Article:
These CT scan images are representative of a similar location that we saw at the immediate post-op. So here we are looking at the upper implant as it first presents across the ilium and then farther within the ala of the sacrum. I like to point out that we are seeing in several areas points of increased bone density that we hope will then provide for biologic integration.

We really see this much better on the sagittal views and I'm gonna suggest that to truly visualize the areas of increased bone density along the walls of our implant, we see this on the sagittal views. This is the image on the iliac side and here we come over to the sacral side. On both sides of the SI joint, meaning both sacrum and ilium, we have areas along the walls of the implants of increased bone that would represent biologic fixation.

This patient had x-rays at 1 year, and notice there is that radial artifact on the edge. And I can understand how some might interpret this to be loosening, but this is now the 5-year image. Notice the areas of increased bone that we see here. Other than this one little spot here, that radial lucent area is truly non-progressive, and the patient clinically has done very well.

This 36-year old female presented to me having 7 years of back and sciatic pain that was treated presumably for sciatica. She really did not respond to any of the non-operative measures that were offered. When I evaluated her, I thought that she might indeed have SI joint problems and she had an unstable joint secondary to post-partum laxity. And the SI joint as pain generator was confirmed on this CT-guided injection.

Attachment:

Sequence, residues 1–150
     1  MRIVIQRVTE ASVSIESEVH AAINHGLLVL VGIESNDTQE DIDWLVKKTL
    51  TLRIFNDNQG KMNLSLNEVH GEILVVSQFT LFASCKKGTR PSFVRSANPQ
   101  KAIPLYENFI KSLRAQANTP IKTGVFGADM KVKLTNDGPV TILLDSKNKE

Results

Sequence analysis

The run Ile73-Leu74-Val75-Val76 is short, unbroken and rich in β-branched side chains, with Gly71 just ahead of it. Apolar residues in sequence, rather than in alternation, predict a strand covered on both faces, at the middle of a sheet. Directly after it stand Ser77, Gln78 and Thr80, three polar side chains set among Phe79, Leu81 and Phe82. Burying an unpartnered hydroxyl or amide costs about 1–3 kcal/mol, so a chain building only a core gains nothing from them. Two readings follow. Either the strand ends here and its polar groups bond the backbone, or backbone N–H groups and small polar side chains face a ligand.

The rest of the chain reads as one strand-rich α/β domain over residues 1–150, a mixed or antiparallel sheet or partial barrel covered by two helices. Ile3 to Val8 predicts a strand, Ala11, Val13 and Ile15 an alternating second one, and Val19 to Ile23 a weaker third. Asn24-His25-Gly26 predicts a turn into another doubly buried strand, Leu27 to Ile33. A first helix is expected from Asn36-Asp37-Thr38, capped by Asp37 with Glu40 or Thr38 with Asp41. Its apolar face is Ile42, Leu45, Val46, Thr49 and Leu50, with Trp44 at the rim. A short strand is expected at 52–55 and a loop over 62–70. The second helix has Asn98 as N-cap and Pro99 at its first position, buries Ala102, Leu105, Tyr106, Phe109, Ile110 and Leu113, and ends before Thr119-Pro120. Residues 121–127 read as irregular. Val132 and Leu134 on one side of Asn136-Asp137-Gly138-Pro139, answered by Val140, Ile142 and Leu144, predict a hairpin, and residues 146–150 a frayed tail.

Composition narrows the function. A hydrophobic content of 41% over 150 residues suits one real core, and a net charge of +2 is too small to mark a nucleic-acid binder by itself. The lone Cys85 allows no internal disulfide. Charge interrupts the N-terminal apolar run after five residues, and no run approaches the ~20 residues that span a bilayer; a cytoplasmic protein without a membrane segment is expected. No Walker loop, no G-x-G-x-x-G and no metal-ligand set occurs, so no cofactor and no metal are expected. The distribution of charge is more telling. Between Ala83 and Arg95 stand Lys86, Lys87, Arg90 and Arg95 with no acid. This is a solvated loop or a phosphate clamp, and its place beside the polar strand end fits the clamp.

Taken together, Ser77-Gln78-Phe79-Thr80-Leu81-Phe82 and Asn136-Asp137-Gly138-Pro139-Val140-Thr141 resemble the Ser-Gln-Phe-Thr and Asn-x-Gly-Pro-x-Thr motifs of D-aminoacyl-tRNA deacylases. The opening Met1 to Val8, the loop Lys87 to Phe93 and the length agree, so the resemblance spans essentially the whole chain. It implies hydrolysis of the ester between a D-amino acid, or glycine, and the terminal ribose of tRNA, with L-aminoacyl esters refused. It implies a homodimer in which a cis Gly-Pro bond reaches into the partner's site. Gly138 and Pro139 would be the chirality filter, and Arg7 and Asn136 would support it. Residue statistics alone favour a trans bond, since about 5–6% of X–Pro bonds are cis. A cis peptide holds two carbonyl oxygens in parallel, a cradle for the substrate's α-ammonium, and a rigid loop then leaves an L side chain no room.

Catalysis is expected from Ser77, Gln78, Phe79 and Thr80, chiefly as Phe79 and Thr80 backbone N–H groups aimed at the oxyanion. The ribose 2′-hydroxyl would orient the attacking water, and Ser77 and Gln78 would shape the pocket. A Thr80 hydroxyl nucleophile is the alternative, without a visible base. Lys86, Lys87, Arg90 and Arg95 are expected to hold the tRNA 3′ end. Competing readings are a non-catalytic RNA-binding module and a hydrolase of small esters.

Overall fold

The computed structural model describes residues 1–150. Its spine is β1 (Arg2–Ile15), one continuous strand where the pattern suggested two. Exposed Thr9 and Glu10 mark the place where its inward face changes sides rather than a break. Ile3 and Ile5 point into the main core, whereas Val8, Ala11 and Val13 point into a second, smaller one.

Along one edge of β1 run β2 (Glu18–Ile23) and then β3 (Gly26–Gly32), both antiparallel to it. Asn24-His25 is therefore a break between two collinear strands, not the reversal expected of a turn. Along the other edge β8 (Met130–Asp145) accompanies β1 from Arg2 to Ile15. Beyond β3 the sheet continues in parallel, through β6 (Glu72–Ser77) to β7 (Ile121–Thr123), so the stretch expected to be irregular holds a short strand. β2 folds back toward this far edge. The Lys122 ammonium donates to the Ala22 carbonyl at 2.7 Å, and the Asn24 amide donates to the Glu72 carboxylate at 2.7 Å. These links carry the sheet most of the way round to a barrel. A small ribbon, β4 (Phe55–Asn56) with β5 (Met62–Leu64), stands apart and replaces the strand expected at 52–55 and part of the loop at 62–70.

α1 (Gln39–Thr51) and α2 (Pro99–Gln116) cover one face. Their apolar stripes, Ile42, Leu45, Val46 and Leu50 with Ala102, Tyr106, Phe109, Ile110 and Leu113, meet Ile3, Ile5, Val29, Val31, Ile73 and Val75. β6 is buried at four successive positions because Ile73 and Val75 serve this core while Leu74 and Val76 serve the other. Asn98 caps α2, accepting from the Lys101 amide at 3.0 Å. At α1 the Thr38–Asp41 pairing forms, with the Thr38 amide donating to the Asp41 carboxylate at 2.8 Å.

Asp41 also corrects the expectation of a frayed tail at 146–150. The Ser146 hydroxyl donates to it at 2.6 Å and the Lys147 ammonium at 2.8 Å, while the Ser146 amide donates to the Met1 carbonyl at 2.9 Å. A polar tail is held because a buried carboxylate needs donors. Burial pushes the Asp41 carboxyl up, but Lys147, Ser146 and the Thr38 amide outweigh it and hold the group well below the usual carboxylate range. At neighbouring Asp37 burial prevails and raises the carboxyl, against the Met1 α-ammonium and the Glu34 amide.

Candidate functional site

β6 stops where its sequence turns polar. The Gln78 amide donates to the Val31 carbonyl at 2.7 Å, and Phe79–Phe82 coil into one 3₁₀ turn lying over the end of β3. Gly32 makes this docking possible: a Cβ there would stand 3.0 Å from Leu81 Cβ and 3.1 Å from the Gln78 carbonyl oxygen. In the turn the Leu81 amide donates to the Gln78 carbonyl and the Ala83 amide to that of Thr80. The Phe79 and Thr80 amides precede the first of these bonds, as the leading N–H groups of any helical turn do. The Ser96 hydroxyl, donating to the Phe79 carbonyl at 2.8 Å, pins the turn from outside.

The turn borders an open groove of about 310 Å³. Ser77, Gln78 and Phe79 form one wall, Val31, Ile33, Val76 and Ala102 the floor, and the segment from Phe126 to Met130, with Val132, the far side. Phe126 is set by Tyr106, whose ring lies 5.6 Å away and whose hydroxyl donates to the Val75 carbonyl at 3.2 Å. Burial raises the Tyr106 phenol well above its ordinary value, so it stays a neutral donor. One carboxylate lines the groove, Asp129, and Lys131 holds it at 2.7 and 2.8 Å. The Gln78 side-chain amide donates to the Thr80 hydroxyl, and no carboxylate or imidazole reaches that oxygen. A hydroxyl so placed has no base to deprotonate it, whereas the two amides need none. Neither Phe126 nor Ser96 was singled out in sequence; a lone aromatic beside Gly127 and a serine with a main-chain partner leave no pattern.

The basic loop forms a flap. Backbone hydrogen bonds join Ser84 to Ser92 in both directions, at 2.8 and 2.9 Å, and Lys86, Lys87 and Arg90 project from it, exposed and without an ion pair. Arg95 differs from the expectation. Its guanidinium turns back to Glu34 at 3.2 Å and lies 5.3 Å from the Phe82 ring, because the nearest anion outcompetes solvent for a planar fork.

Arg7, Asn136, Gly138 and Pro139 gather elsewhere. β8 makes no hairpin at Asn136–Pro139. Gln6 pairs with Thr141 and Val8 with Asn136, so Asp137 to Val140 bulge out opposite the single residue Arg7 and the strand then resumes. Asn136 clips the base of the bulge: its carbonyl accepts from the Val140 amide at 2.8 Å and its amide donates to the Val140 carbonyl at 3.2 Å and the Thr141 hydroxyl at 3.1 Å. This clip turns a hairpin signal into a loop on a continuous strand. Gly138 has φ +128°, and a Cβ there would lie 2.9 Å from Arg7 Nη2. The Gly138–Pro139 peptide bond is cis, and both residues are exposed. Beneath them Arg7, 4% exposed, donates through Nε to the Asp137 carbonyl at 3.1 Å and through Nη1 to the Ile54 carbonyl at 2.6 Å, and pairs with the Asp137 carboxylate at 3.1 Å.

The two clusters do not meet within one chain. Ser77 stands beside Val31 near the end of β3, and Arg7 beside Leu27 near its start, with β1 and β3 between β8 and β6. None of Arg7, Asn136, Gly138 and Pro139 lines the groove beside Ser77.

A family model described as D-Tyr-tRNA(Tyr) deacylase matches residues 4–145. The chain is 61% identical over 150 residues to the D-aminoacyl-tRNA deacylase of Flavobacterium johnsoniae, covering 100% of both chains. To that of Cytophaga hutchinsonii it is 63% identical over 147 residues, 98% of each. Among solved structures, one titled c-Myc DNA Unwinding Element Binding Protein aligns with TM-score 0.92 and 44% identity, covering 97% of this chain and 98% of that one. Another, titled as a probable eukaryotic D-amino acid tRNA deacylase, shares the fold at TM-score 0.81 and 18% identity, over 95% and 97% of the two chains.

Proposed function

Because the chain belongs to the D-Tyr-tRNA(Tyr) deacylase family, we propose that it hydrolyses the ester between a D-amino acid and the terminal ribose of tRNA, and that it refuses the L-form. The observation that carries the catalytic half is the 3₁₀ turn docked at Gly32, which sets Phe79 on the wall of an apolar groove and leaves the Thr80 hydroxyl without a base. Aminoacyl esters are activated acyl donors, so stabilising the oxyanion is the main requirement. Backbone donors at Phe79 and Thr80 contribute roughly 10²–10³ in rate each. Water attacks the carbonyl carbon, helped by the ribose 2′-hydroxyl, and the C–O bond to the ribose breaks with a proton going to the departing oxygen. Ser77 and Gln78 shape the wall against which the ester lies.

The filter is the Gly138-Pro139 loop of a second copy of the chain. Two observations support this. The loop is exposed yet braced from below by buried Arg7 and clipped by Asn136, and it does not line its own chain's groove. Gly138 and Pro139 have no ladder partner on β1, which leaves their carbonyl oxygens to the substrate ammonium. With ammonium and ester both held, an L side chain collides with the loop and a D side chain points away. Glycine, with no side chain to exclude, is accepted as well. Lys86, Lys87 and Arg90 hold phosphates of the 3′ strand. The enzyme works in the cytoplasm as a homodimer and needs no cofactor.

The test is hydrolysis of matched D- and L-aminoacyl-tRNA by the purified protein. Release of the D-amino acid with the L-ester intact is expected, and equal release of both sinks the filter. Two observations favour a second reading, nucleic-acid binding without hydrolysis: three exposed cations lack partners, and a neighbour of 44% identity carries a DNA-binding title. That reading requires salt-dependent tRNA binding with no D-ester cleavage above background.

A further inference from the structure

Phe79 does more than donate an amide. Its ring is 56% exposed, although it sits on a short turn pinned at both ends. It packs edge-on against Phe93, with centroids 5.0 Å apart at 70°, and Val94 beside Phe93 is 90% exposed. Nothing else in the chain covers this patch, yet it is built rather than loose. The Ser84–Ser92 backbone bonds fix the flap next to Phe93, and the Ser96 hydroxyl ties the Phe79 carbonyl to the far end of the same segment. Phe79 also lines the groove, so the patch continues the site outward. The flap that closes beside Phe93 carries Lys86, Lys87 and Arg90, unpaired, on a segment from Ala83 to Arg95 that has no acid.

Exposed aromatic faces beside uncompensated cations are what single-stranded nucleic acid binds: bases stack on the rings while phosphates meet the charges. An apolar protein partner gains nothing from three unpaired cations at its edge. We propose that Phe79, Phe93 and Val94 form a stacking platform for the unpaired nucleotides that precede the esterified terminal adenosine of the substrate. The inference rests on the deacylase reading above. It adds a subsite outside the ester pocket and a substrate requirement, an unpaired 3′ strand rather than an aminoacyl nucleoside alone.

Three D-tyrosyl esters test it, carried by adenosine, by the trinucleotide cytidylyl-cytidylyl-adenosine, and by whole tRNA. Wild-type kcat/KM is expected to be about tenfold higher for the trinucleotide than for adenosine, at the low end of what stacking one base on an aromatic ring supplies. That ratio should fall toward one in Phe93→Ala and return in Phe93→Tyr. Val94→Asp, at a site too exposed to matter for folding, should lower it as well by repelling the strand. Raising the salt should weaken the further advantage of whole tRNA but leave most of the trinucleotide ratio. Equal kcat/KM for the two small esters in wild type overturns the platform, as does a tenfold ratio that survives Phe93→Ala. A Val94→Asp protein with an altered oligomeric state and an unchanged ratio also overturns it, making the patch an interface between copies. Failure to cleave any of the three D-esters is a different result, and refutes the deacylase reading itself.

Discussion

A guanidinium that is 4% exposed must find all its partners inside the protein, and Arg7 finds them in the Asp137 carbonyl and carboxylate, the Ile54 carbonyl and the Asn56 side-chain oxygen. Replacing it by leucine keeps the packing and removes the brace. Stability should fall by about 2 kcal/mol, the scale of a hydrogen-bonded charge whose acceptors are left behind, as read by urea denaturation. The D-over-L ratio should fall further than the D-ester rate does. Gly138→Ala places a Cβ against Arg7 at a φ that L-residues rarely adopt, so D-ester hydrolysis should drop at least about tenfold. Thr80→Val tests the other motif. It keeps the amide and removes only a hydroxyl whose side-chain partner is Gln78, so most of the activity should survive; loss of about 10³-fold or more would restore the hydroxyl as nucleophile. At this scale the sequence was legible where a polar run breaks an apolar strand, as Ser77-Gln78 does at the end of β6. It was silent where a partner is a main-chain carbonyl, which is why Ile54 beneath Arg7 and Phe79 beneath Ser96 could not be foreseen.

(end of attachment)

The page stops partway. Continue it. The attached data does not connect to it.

This is a radiograph of this 36-year old immediately post-op documenting the three iFuse implants. This CT scan, axial view, shows the upper implant and then a second implant. The coronal view shows the presence of the upper and the lower implant. But I would like to point out to you that there was this area that looked like a hypertrophic pseudarthrosis. This ligamentous unstable joint was crying desperately to stabilize itself.

The post-op sagittal views, this is the sacral and the iliac side. This 1 year post-op film shows the three implants. We do see the area of radial artifact that can sometimes be misinterpreted to mean loosening. Clinically, she was doing very well. This 1 year post-op CT image shows the increased bone density. Now, clearly we know that not necessarily the entire length of the implant will have increased bone density. But if there is areas on both sides of the joint, and we can see a considerable amount of bone at the entry site inferiorly here as well on both sides of the joint, this would be strongly suggestive for an implant that is solidly in-bone with biologic fixation.

This sagittal view, again, represents the areas of increased bone density on all three sides of the walls. Yes, there is the radial artifact at the point. Maybe not all of the wall has bone that is enlarged along it, but certainly on all three sides, this is the iliac side and the sacral side. And again, clearly increased bone density. This same patient now at 4 and then 5 years. There's no apparent suggestion for progressive loosening or lucencies of these implants. The bony bridge inferiorly is complete. She has a very stable SI joint.

This 66-year old female presented with degenerative SI joint problems that we confirmed with an image-guided injection. Unfortunately, she was refractory to non-operative management and elected to undergo surgical treatment with the iFuse implant. This 1 year post-op film shows the three implants and when I first observed it, I was concerned when I saw that area of radial lucency at that implant level.

This 1 year post-op CT showing the coronal view documented clearly a lot of increased bone density. The sagittal views showed considerable increased bone on both the iliac and along the walls on the sacral side. At 4 years after surgery, the images really do not show any change in the overall appearance of that area that looked like radial lucency. Perhaps this was radial artifact.

On the occasion of her opposite side becoming symptomatic, the plain film for the CT again showed this non-progressive radial lucent area. We had confirmation of the opposite side being symptomatic. And I'm gonna share with you now the upper, middle, and lower implants on these axial view documenting very nice bone density with no apparent lucency or loosening of these implants, a 5 year CT documenting excellent fixation.